Pure monopoly

Pure monopoly

A market in which only one firm has total control over the entire market for a product due to some sort of barrier to entry for other firms, often a patent held by the controlling firm.

Pure Monopoly

A company that has total control of a given market. Most of the time, a pure monopoly exists in a situation in which a company has a patent or uses some technology that is popular with consumers, but is protected from use by another company, at least for limited period of time. See also: Duopoly, Antitrust.
References in periodicals archive ?
If endowed with a pure monopoly, how might one change the cost of something, be it widgets or U.
This includes the economics of perfect competition, pure monopoly, and a dominant firm with a fringe of competitors, as well as the classic 1934 index of monopoly power devised by Abba Lerner.
The main achievement of Cournot's theory is the possibility to apply the same principle to different degrees of competition, starting by the pure monopoly case.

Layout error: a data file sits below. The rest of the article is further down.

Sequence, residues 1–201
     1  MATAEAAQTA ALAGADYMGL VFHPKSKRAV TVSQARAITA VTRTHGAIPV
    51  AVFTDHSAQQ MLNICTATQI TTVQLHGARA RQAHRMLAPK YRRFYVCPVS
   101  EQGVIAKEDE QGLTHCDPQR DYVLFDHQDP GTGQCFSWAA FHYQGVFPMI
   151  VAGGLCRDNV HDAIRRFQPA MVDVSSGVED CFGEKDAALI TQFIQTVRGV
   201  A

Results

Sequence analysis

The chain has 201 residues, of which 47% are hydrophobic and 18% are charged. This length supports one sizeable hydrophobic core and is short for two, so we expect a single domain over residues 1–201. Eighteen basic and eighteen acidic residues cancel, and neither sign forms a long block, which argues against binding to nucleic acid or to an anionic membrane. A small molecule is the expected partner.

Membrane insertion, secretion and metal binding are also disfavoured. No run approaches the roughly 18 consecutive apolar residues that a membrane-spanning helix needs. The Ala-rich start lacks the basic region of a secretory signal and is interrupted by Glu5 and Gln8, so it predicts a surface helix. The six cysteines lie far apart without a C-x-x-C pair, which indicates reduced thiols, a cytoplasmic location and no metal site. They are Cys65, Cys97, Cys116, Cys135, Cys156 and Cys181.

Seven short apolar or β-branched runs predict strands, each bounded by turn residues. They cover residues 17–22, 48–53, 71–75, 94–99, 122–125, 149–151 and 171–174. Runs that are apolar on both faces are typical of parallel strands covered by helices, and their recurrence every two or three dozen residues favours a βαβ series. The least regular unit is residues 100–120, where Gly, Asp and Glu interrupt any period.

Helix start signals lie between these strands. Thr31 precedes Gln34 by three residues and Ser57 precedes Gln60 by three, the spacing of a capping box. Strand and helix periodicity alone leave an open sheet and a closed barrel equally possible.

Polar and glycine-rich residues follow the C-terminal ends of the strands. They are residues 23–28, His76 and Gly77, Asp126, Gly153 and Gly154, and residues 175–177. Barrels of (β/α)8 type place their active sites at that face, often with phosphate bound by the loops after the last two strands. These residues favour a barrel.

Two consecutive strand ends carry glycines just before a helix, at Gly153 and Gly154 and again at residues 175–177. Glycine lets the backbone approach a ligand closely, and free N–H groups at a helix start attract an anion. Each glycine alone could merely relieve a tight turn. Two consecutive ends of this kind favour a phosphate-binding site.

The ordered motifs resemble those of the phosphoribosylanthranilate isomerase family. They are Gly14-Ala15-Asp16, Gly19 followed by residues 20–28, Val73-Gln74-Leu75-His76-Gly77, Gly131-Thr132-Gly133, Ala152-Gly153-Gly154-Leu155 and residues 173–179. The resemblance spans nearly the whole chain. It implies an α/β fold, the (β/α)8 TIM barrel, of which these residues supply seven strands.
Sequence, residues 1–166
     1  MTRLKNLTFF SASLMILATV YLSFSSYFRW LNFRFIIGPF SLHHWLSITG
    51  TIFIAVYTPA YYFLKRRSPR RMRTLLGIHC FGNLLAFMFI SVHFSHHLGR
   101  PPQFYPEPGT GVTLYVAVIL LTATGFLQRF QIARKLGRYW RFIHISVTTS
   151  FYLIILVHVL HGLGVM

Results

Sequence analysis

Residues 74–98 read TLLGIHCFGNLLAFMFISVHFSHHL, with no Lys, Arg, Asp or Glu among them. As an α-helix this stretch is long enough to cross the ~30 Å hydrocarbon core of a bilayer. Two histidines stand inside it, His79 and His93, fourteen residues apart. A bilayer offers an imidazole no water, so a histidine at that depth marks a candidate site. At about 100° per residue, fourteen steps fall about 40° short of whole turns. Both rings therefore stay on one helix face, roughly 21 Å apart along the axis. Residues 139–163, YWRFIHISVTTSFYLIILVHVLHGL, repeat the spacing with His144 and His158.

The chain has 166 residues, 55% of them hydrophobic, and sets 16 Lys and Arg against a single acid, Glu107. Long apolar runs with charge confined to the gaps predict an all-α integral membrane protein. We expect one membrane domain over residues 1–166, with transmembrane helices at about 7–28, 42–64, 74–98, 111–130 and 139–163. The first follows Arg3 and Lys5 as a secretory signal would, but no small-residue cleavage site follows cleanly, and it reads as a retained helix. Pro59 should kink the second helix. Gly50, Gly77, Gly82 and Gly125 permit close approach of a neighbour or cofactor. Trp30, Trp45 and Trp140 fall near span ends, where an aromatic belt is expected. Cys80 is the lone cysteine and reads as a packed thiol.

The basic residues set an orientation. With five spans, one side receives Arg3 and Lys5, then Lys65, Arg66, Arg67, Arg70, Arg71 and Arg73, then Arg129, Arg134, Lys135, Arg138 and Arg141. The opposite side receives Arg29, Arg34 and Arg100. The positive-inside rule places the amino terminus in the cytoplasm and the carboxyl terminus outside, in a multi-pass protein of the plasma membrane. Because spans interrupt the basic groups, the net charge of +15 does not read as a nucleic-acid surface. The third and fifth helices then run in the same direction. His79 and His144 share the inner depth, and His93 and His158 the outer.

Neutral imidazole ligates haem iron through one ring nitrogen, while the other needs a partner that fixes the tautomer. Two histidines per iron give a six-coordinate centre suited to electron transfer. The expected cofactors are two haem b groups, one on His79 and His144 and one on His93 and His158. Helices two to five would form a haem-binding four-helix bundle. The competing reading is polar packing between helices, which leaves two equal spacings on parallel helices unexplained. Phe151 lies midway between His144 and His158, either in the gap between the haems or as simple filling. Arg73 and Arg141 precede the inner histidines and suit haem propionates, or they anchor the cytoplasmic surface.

All around the world water privatisation has failed to generate investment because water is a pure monopoly.
However, my point is that the net impact of even a pure monopoly cannot be judged and should not be judged the way it almost always is judged in our lectures and textbooks--that is, exclusively by its impact within the limits of its own market boundaries.
In a pure monopoly, there is only one seller in a market.
This section considers several models of imperfect competition, beginning with the case of pure monopoly.
In the terms of figure 3, consider the change from pure monopoly (point X) to limit pricing (at point Y).
Not even hard-line Chicagoans had been willing to declare pure monopoly to be virtuous, rather than probably harmful.
When and if the Baby Bells are freed to enter cable TV in their areas of regional telephone monopoly, the cable business will cease to be one of pure monopoly as we have today.
For the Herfindahl index a value of one indicates pure monopoly structure in an industry.
Hence, texts suggest that price discrimination is a pure monopoly phenomenon, then proceed to provide examples in which monopoly is dubious at best and ludicrous at worst.